I did some measuring today. I think another solar panel would fit in the back if you delete the TV antenna. Looks tight, but just possible. It would also require turning the panel mounting brackets around, which looked possible but I haven’t done it. Would make dealing with the mounting bolts a challenge, but should be possible with the right tools and dexterous hands!
Disclaimer: Until I or someone else actually does this, please don’t count on it being feasible!
A narrower panel (the stock one is about 26″ wide not including the brackets which in the “outward” orientation take 2″ or 3″ on each side) would make installation easier, and might also fit forward next to the Maxx Fan..
The mounting bracket. With it outward like this it makes the bolts to the rack easy to access. To conserve space on the rack, looks like you could probably turn it inward.
One of the Facebook forum folks had this question, so I figured I would answer here on our blog as well since it’s probably something other might wonder about.
To play a DVD:
* Turn on the receiver via its power button.
* Turn on the TV power switch on the wall below the TV.
* Press “TV” and then “Power” on the larger remote to turn on the TV.
* On that same remote, press “Source” and choose HDMI from the menu that appears. (Hilight HDMI and then press Enter)
* Insert a DVD
After a short time (15 seconds?) the DVD will start to display its menu and such on the TV.
If the DVD was already inserted and you had the receiver on another source, you will need to switch it to “Disc” by pressing the “Source” button on the receiver until it displays “Disc” and then pressing “Enter” on the receiver.
Some of the receiver steps can be done via the remote, I only listed the way to do it via the front-panel controls above.
This weekend we visited a primitive camping area at Anza-Borrego State Park. Such a beautiful desert area, and not really that far out of San Diego at all.
We arrived on Saturday morning, and had a rough idea for which of the less popular camping areas we wanted to try. Being complete newbs to camping anyplace other than an RV park with spaces and reservations, or a Cracker Barrel, we were unsure of what we’d find.
There was a couple there tent camping, and walked up and said hello. They confirmed we had found what we were looking for, and then invited us to join them by their fire that evening if we were so inclined. (A fire held in a metal container, off of the ground as is required in this state park.)
The desert was beautiful, and so quiet. Exactly the kind of relaxing place I’d imagined spending time at when we decided to buy our Paseo!
There was quite a bit of wind, so the screen doors on the Paseo were great – plenty of ventilation to keep interior temperatures down. And when the sun set and the desert cooled down the Truma was its usual quiet efficient self.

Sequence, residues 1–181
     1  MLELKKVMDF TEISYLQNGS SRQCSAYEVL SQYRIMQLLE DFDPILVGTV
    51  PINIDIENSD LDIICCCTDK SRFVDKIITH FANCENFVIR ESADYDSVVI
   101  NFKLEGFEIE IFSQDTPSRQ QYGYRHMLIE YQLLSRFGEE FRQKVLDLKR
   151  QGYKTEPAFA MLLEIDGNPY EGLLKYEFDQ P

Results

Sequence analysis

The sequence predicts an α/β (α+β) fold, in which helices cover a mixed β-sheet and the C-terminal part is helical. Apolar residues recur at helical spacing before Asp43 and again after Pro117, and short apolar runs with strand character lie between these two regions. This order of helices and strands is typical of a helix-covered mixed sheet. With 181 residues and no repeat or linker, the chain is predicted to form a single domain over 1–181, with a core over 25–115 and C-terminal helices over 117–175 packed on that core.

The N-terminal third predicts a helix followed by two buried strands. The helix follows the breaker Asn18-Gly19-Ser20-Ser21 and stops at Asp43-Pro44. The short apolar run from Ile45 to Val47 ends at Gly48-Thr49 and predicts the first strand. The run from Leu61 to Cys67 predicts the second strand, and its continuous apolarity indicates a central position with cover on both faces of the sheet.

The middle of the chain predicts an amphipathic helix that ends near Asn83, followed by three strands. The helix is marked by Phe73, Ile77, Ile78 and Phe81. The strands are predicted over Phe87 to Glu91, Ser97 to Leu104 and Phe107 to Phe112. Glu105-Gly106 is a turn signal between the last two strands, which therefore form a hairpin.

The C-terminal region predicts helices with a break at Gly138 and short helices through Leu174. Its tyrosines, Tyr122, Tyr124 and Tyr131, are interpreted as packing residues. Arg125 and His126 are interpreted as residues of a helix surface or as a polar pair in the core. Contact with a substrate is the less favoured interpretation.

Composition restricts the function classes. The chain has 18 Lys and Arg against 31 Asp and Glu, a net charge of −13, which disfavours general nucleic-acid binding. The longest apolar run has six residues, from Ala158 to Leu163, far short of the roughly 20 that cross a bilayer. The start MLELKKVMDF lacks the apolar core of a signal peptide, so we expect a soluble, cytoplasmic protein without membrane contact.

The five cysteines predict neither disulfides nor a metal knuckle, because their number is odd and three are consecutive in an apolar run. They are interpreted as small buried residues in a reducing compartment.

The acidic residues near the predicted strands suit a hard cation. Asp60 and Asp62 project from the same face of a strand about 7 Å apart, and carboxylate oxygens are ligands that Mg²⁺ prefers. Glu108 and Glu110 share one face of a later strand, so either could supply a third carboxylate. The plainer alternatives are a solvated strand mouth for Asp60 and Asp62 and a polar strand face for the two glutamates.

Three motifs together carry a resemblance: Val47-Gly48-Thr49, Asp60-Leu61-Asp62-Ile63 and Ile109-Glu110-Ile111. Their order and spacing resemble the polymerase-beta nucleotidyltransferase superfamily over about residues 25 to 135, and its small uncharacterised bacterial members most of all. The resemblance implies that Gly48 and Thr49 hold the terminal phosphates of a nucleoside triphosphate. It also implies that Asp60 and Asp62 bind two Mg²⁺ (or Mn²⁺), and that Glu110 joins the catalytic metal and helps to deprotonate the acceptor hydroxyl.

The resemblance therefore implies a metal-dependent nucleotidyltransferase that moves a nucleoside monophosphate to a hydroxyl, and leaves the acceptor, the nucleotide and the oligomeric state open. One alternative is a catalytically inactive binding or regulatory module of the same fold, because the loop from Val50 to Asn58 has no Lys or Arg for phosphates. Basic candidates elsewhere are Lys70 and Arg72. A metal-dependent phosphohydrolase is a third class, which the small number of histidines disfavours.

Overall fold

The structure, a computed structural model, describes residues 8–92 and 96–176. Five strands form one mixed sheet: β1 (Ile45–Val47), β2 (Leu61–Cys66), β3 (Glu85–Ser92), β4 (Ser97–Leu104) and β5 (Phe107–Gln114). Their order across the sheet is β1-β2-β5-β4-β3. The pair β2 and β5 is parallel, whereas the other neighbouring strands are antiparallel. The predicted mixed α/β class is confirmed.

With the sun shining on the driver’s side of the RV, the fridge had a little trouble getting cold enough. Outside temperatures were not that high, but the sun was strong. The fridge was 44 degrees, and the freezer 15. Not awful, but not the around-zero freezer and mid-to-low-thirties refrigerator temperatures we are used to.
Wondering just how much insulation Winnebago managed to fit between the refrigerator and the outer wall of the Transit.
One thing I failed to think through was breakfast. We didn’t have a chance to grab any donuts or pastries, so I just figured I’d toast a pop-tart. What I forgot about was the need to have 120VAC power to do the toasting. Way too early to run the generator!
Turns out you can do a creditable job of toasting a pop-tart in a frying pan on the stove. Trick is to use low heat and turn it several times.
One minor disaster occurred. As we were driving into our camping area, we went over a dip (think full-width shallow v-shaped culvert) and scraped the rear end a bit.
As we were leaving the next morning, I saw something in the road that looked suspiciously like a cover from a dump-hose storage tube. Yup. Our storage tube cover.
The tube itself looked ok, but the cover was destroyed.
A couple of large nylon wire-ties and our dump tube was no longer going to slinky its way down some highway somewhere. Not sure what the long-term fix will be. Don’t want to have to replace the entire tube assembly, but I’ll really be surprised if that door is available as a separate part.
Clear tape for my beloved Brother labelmaker, and now we have at least a clue as to which switch does what. In hindsight, I probably should have added information as to which ones are bright-off-dim and which ones are on/off.
Originally (as you might notice in one of our videos) I used narrow white background tape. The labels were more legible, but Linda was not happy with the aesthetic, so this is version 2.0.
Small organizer for the medicine cabinet from the Container Store.
And an added bin that lets us use more of the vertical space. This is a 3M Small Caddy, mounted with Command Strips.
Monitoring the temperature of the refrigerator and freezer. This was just the right size to wedge between the window frames. AcuRite Freezer Alarm